Film Review: Black ButterflyA weak, uninspired thriller, offering a frustrating and implausible twist instead of anything in the way of tension.
A mysterious stranger becomes a deadly AA sponsor... or at least that’s the thinly veiled ruse behind this twisty two-handed thriller that’s often so ridiculous any attempt to create tension instead delivers laughs.
As Black Butterfly opens, it’s mentioned a few times that some women have gone missing from the woodsy mountain region where writer Paul Lopez (Antonio Banderas) has holed himself up in a remote mountain cabin, trying to write his new novel. After an incident with a trucker, Paul picks up a drifter (Jonathan Rhys Meyers) who came to his aid, offering him a bed for the night. Instead, this man named Jack lends his assistance to help Paul finish his novel, mainly by keeping him from the alcohol that’s hindered that process.
The only other main character of any significance is Laura, a realtor played by Piper Perabo, who Paul hopes will sell his house. After an early appearance, she meets Paul for a quick lunch date before he picks up Jack. Later, she shows up out of the blue at Paul’s cabin after he’s been missing for a few days, and she’s taken captive by Jack as well.
This is the second feature from director Brian Goodman, who impressed with his 2008 debut What Doesn’t Kill You, a crime thriller based on his own experiences. With Black Butterfly, he’s working from a screenplay plagued by so much bad writing and even bigger problems that he’s never able to do anything technically to avoid them.
One of those issues is that Rhys Meyers isn’t particularly intimidating or scary, so it’s hard to believe that Banderas’ character would put up with him for more than a few hours. At one point, Jack tries to pitch Paul on writing a book about picking up a stranger, but since we’re already watching that movie, it’s safe to say it wouldn’t be any more interesting as a book.
Other than that, we’re given very little reason why Paul—obviously a loner himself—would allow this complete stranger to stay at his cabin. “Why I didn’t toss you out day one is baffling to me!” Paul yells at one point. Most of us have been wondering that exact same thing for the entire movie. It’s just one example of how the movie wants us to take it seriously—but it’s hard to do so with Banderas’ blustery scenery-chewing in his distinct accent.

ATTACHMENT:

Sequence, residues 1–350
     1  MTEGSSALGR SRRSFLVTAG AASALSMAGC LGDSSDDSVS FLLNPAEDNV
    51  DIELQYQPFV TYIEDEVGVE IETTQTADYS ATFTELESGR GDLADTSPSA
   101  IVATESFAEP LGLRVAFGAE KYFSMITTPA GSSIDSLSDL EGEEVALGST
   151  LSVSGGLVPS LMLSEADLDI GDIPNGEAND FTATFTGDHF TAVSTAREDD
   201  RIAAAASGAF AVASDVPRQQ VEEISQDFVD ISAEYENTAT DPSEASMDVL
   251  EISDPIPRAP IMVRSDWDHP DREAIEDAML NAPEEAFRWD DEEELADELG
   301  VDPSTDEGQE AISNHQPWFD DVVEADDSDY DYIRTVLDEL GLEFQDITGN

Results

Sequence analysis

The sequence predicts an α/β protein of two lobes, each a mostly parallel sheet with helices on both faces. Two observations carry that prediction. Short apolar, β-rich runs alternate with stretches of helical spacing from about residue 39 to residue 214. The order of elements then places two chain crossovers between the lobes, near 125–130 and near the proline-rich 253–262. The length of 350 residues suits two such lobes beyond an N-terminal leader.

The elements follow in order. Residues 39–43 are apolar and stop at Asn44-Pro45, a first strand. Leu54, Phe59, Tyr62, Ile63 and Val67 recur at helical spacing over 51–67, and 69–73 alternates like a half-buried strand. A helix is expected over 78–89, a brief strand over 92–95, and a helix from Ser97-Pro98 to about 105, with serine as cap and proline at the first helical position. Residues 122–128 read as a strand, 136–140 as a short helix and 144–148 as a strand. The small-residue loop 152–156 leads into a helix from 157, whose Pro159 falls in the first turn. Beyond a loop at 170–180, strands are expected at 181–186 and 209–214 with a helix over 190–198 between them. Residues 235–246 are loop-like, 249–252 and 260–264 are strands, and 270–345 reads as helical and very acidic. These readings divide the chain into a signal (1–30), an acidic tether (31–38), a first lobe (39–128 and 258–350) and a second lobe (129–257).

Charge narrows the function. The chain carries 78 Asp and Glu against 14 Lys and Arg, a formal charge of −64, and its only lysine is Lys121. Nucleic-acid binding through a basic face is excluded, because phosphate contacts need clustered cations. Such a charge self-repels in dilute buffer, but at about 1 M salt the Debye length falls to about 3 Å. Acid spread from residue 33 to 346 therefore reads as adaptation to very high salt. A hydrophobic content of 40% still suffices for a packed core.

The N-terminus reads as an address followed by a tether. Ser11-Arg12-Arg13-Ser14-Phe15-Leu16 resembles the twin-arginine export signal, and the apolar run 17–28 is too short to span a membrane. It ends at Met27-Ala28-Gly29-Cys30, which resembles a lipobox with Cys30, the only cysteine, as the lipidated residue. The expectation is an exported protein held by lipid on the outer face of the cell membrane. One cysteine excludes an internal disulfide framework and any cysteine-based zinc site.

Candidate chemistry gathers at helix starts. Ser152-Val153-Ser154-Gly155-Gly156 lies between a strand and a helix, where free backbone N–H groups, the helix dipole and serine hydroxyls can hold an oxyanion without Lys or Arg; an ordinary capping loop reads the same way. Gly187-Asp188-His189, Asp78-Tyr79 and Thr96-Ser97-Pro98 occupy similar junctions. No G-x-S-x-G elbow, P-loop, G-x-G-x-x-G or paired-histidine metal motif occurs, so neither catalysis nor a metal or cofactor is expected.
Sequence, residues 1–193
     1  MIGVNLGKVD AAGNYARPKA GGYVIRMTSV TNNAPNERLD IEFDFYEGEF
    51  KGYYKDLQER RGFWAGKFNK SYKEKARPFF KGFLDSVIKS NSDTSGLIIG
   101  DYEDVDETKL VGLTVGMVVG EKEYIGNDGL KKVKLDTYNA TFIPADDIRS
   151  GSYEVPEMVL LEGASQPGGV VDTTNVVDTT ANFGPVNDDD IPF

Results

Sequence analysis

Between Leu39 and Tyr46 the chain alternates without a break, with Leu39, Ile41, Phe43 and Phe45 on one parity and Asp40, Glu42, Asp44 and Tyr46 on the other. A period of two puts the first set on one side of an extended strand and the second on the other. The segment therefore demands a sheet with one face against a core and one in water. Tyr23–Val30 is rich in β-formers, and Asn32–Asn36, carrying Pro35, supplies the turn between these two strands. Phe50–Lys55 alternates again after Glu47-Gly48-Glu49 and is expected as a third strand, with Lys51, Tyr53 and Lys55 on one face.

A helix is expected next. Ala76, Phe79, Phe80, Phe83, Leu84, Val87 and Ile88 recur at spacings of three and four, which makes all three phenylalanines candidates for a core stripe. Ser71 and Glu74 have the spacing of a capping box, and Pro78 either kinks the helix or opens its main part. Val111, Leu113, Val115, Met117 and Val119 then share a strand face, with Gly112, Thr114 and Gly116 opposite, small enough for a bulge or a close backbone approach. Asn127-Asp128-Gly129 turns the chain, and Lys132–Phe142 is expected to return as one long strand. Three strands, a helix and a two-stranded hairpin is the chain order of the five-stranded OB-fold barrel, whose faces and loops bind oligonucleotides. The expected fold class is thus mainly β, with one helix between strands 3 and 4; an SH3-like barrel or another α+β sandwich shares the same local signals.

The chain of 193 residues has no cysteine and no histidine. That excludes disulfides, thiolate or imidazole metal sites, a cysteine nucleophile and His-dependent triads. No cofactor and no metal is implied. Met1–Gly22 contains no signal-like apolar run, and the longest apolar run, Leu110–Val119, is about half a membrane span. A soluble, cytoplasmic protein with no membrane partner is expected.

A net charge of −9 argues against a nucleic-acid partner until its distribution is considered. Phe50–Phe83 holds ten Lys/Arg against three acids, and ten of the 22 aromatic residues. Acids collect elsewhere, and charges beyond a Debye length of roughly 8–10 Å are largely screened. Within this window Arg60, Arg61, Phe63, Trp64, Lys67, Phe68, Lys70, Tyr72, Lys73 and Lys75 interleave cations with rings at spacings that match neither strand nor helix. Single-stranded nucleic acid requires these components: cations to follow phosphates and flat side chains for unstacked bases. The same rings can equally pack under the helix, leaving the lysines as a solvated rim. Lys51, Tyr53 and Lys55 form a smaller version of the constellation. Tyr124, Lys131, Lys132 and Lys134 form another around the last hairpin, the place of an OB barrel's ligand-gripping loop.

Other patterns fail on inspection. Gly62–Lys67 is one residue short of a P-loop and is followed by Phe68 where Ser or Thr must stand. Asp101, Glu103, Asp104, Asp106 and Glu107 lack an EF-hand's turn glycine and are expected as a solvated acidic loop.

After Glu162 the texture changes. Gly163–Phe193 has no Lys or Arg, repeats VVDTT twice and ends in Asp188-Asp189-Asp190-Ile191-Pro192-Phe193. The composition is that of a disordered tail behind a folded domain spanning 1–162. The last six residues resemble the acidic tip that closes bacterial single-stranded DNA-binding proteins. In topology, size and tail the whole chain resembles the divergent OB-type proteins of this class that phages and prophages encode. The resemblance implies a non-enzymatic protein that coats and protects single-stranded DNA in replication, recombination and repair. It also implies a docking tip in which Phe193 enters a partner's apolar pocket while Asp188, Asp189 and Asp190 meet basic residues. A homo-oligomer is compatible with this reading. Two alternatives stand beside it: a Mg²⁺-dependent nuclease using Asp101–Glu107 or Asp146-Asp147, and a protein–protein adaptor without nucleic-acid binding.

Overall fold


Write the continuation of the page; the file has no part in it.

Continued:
Incidentally, the “black butterfly” of the title is a conspicuous tattoo on Jack’s back that seems to serve little purpose or have much impact after being mentioned. It’s just one of the many red herrings piled atop one another in trying to create a heightened sense of mystery.
It’s probably safe to assume Jack is responsible for the killings mentioned earlier, but you sometimes wonder whether the movie might go for something even more obvious. You may even think you’ve figured out the “big twist” before it’s revealed, because it’s hard to create new and original ideas when working in such a tired genre.
Instead, the rug is pulled from under you, as you’re led down an even more perplexing, confounding and thereby infuriating path that makes little sense in relation to what we’ve seen up until that point. Part of you might think you’re simply watching one of Paul’s stories unfold; the other part just doesn’t care.
Frankly, Stephen King generally does significantly better with this type of material without trying nearly as hard. Compared to other thrillers, Black Butterfly just seems lazy and uninspired, a throwback to ’90s suspense movies that were based on a simple throwaway idea and never fleshed out.
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